(Source: Durham University)
Via Legal Miscellany, we learned of a call for papers for a conference on the English Court of Star Chamber and its records. Here the call:
The Court of Star Chamber mediated many aspects of early modern political, religious, and cultural development prior to its abolition shortly before the onset of the seventeenth-century civil wars. Censorship of the press, fraud, libel, riot and more came to the court before members of parliament convinced that it had become an engine of tyranny ordered its closure. In addition to the importance of the court itself to early modern history, its records have left historians, literary scholars, and other researchers an unusually rich resource. Researchers have often turned to the proofs and pleadings that survive in the Star Chamber archive, and to revealing effect. Yet despite the centrality (and later notoriety) of the court, aspects of its history remain poorly understood, and despite the widespread use of some Star Chamber records, impediments to the full exploitation of the archive remain. More is yet to be done.
We will host a short conference on the court and its records at Durham University, on 8 July 2019. At minimum, the day will be an opportunity to share work in progress on the court itself or that draws in substance upon its distinctive records. We also hope that the discussions might serve as the basis for new collaborative work on the court and its records in future.
If you are interested in giving a 15-20 minute presentation at the conference, please send a title, an abstract of 250-300 words, and a cv to Krista Kesselring (Krista.Kesselring@dal.ca) by 31 January 2019. We will send decisions along by mid-February. In line with General Data Protection regulations, please also offer a ‘yes’ or ‘no’ to each of the following statements in the email accompanying your abstract:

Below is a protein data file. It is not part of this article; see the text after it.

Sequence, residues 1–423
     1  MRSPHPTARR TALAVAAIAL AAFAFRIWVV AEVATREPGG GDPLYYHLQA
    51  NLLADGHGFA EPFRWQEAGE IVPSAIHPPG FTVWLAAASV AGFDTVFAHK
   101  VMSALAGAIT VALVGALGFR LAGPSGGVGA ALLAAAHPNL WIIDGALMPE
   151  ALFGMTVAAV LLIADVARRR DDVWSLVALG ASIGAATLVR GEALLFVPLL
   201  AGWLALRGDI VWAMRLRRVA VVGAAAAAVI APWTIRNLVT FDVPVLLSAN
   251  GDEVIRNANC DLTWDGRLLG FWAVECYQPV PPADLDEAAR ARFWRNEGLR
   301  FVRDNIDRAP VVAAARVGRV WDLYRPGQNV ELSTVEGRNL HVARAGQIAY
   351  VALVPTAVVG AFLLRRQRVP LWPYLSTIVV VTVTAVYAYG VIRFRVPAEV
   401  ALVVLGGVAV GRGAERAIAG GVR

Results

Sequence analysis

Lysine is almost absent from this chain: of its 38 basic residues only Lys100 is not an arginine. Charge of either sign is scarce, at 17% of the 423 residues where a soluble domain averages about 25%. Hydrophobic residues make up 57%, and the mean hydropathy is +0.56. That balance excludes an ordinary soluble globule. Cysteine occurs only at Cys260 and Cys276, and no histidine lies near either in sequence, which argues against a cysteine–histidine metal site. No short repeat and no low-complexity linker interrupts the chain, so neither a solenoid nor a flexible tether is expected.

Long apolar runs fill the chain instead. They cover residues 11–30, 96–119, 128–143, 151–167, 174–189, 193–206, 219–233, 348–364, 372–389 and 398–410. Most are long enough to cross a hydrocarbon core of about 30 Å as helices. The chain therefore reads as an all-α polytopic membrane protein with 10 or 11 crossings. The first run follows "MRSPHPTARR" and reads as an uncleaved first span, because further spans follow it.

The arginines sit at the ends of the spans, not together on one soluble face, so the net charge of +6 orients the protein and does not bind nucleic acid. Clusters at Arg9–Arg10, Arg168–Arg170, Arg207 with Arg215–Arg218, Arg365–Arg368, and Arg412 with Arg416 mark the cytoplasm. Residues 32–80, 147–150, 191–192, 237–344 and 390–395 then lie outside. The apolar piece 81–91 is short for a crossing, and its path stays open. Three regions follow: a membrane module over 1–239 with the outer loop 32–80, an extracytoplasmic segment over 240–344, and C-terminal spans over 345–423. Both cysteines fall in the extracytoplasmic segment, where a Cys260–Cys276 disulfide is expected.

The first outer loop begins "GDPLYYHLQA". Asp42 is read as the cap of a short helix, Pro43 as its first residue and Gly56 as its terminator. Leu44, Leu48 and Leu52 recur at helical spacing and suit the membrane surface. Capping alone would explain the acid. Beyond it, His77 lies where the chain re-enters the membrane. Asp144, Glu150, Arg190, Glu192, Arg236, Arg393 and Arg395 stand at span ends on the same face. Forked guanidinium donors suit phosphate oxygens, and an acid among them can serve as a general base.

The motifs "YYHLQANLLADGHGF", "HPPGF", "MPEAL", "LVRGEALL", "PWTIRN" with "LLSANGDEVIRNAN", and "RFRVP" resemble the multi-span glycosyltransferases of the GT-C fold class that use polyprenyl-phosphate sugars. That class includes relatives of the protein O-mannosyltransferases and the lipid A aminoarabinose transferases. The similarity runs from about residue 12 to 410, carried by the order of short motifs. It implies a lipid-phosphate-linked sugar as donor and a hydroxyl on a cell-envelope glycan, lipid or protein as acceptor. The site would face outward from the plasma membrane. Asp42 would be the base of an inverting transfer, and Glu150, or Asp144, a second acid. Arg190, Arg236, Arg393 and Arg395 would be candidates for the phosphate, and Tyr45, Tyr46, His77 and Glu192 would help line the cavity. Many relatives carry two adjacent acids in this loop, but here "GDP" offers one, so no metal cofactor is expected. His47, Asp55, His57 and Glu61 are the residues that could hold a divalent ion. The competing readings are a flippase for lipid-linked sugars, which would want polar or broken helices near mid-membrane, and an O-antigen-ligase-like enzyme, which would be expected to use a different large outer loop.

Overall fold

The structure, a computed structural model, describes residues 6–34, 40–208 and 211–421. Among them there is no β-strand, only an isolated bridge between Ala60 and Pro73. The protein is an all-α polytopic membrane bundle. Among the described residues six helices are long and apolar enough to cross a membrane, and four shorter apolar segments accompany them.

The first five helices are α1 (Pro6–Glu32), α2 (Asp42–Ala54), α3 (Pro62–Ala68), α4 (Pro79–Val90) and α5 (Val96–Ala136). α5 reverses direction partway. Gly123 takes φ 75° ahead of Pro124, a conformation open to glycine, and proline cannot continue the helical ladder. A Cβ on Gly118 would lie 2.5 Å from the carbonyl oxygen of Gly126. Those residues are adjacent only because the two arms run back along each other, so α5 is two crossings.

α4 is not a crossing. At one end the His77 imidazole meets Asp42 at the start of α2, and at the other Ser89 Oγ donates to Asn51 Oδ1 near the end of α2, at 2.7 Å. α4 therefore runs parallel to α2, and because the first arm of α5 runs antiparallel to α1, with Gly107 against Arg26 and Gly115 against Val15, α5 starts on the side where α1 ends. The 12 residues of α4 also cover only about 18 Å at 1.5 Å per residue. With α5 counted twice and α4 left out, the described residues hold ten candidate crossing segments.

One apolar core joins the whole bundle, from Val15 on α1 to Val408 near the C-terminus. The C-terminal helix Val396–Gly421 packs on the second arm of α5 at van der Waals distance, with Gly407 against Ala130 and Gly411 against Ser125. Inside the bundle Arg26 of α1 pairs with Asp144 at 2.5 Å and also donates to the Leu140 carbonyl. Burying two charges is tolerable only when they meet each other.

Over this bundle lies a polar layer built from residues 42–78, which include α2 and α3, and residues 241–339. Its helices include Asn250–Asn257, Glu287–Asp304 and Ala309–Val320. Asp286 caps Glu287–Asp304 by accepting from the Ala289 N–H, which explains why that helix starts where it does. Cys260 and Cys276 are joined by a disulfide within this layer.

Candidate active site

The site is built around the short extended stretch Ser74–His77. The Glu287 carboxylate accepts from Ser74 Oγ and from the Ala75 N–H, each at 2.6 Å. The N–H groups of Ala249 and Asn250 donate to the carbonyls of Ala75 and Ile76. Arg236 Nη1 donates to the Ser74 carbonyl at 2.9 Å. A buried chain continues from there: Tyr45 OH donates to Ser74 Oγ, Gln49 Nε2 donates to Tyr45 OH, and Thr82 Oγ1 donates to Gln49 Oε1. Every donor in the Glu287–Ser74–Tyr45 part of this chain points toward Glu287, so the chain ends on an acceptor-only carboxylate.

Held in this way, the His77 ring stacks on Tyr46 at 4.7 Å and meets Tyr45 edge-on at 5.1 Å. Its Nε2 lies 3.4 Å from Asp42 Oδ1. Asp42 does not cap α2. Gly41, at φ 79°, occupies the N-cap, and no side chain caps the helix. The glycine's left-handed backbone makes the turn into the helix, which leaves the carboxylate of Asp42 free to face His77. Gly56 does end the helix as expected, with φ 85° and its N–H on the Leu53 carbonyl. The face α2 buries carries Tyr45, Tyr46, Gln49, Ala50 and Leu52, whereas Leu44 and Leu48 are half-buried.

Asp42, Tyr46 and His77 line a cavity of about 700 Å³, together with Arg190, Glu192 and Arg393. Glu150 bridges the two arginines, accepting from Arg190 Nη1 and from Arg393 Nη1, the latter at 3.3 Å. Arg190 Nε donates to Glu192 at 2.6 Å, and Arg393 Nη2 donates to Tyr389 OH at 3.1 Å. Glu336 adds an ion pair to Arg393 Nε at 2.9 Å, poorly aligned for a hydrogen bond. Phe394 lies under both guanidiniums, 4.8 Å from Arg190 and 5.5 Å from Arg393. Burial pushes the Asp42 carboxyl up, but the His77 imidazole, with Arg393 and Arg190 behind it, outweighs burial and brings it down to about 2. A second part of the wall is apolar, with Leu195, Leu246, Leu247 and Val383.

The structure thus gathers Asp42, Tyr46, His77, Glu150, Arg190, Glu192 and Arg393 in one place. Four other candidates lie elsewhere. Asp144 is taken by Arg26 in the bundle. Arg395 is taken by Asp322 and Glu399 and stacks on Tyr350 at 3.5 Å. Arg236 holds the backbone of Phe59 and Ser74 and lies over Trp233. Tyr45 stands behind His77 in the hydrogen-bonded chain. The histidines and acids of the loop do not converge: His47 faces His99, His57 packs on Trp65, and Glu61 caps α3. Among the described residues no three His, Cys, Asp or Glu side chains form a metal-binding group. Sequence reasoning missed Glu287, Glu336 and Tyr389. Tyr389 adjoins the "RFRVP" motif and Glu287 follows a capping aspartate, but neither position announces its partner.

My email address can be added to the conference mailing list to receive updates about the conference.
My name, affiliations, and abstract can be added to the conference participants’ list, which will be included in the conference materials and posted to the conference website.
The event itself will be free for presenters and a limited number of attendees, but we do not anticipate that we will be able to subsidize the costs of travel or accommodations. Rooms will be available in Durham University residences, for roughly £60-80 per night. Durham has good train links with many UK cities and towns; a train journey from London typically takes less than three hours. Newcastle Airport is only a short trip away from Durham by taxi or by metro/train, and has daily flights to a number of major European hubs.
Organizers: Natalie Mears, Durham University, and Krista Kesselring, Dalhousie University.
All information can be found here